Like most travelers, Angkor Wat in Cambodia had been on my bucket list for ages, and I had definitely hoped to finally check it off while I was living in Hong Kong. My hopes materialized! I had one weekend free right before my final exams (which you couldn’t study for), and a friend from home that was living in Kuala Lumpur told me she’d planned on going with some of her coworkers. I booked my ticket (within a time span of two minutes) and was on my way!

Surprisingly, I liked Cambodia a lot more than Vietnam. Although, I know many people who feel the exact opposite way, so it’s either personal preference or might depend on your specific experience. Personally, I found the people in Cambodia to be a lot more friendly.

In Siem Reap, we visited the basic temples that most people go to: Angkor Wat, Angkor Thom and Ta Prohm.

Angkor Wat is the main temple most people have heard of. Prior to traveling to Siem Reap, some people told me that it was overrated and that I could skip it – but after going, I couldn’t disagree more.


Angkor Thom

While we were told that Angkor Wat was the major monastery of the Khmer empire, Angkor Thom was the capital city. Most of the famous images from Angkor Thom come from the well-known Bayon Temple, with its vast carvings of Buddha built right into the architecture.


Ta Prohm

A lot of the famous images of Angkor Wat of the overgrown trees are actually from Ta Prohm, which is also famous as the location for filming Tomb Raider.

I don’t know if it was the time of day, or if Ta Prohm is always like this, but it was super crowded with tour groups and for that reason alone, it wasn’t my favorite place. Also, as you can see in my sub-par photos above, the lighting while we were there was pretty shitty, and that made me mad.



Something I knew I wanted to see in Siem Reap was the sunrise at Angkor Wat. It seemed like a thing and I’d seen some really beautiful photos of people who’d done it, plus heard stories of it being a really peaceful and unique moment.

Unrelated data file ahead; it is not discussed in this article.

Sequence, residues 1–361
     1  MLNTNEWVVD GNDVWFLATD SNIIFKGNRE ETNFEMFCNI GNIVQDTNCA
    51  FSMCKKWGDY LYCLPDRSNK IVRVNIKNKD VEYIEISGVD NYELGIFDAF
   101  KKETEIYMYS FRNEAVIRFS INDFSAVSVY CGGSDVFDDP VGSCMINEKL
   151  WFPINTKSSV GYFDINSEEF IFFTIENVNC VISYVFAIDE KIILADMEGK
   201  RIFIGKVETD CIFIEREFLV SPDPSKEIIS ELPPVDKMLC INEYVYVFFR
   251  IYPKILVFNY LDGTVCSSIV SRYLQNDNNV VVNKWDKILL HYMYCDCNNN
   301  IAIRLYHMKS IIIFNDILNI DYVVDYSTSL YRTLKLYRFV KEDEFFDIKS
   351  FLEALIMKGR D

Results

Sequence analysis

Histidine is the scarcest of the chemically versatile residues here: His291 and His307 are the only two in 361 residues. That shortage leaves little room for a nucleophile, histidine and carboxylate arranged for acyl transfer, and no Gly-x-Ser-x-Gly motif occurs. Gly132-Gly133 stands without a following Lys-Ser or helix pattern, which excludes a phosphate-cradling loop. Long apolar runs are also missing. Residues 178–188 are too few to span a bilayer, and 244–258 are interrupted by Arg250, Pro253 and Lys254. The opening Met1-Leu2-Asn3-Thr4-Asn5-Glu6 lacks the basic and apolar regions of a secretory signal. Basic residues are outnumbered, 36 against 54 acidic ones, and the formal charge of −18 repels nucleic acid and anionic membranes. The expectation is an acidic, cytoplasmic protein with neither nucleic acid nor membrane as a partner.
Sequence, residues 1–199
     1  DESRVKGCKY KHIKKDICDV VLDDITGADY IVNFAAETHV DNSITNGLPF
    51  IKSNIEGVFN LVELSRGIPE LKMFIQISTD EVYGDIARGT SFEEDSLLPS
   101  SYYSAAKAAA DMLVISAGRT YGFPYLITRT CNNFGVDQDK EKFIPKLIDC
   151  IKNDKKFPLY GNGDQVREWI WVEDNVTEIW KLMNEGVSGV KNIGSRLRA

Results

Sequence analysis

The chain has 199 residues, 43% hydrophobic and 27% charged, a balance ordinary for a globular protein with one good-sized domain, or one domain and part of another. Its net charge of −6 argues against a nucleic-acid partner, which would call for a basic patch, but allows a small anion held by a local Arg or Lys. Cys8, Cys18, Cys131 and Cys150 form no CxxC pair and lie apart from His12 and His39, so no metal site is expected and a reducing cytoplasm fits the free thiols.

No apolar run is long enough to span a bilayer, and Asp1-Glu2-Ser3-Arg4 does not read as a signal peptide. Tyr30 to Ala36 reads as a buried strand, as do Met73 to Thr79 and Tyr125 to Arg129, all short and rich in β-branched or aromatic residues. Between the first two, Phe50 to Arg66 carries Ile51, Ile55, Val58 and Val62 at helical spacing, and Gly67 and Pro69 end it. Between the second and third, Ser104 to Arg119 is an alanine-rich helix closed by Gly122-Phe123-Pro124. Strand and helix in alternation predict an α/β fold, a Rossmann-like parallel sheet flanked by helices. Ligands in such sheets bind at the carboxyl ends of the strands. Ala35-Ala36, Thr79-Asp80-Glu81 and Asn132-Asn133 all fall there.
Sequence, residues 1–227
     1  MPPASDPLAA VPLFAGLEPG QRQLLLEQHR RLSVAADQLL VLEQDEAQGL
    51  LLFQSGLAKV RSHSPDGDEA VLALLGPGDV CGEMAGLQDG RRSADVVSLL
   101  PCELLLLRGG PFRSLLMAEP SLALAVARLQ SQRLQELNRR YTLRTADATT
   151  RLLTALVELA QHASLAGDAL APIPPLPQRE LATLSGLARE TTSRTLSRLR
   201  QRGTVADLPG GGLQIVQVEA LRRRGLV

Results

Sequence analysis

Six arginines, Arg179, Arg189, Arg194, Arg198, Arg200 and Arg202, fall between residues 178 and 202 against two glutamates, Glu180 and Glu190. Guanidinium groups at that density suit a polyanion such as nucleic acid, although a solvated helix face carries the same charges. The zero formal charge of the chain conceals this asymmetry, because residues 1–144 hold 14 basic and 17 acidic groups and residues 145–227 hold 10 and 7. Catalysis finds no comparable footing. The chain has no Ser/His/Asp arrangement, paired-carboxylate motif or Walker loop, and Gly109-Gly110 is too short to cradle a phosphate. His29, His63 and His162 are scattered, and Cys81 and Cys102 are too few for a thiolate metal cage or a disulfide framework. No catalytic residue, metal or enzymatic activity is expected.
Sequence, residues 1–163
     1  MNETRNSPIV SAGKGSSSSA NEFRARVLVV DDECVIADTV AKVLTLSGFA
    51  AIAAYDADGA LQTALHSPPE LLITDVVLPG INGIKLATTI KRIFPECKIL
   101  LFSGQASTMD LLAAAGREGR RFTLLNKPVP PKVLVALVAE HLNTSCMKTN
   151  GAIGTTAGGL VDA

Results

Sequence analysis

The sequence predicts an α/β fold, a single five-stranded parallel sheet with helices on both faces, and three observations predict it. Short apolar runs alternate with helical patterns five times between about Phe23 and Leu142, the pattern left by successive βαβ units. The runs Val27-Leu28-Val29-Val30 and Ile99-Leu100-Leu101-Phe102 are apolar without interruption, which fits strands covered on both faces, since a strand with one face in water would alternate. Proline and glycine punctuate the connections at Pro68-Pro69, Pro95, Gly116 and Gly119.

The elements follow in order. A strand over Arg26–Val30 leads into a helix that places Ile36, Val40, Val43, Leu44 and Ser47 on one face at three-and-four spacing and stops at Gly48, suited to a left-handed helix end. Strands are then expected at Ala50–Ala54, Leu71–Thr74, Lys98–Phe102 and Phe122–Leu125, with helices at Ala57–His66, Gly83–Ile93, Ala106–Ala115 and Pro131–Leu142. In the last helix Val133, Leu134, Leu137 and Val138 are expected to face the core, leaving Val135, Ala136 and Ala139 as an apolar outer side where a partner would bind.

I made arrangements with my hotel to be picked up at 5 am by tuk-tuk to head over to the temple complex. It is kind of funny to see the tuk-tuk traffic lining up at the temple entrance, but at the same time be in awe that you’re in the middle of a completely dark jungle in Southeast Asia, even if you’re not alone.

The tuk-tuks all have a drop off point and you’re on your own to find your way into the temple (although you’ll be just fine following the crowd) and find a spot to watch the sunrise.

Personally, I preferred to walk around and see a few different vantage points, but I think I’ll do a separate post on that.


Siem Reap

The city of Siem Reap is pretty cool in its own right. There are numerous night markets which will keep you occupied at night, and lots of places to relax and enjoy a foot massage after a long day of temple hopping.

We stayed at the Lynnaya Urban River Resort, and I’d highly recommend it to others. It has a great location, great facilities and really wonderful staff. No matter where you stay in Siem Reap, though, I’d highly recommend somewhere with a pool. After a long day of temple hopping and sweating profusely in every inch of your body, a dip in a pool is just heavenly and everything the doctor ordered.

While I just had a few days in Siem Reap, there are other places in Cambodia I’d love to return to visit including Phnom Penh, Si Phan Don, Sihanoukville and Koh Rong.


Have you ever been to Siem Reap or Cambodia? What did you think? Let me know in the comments below!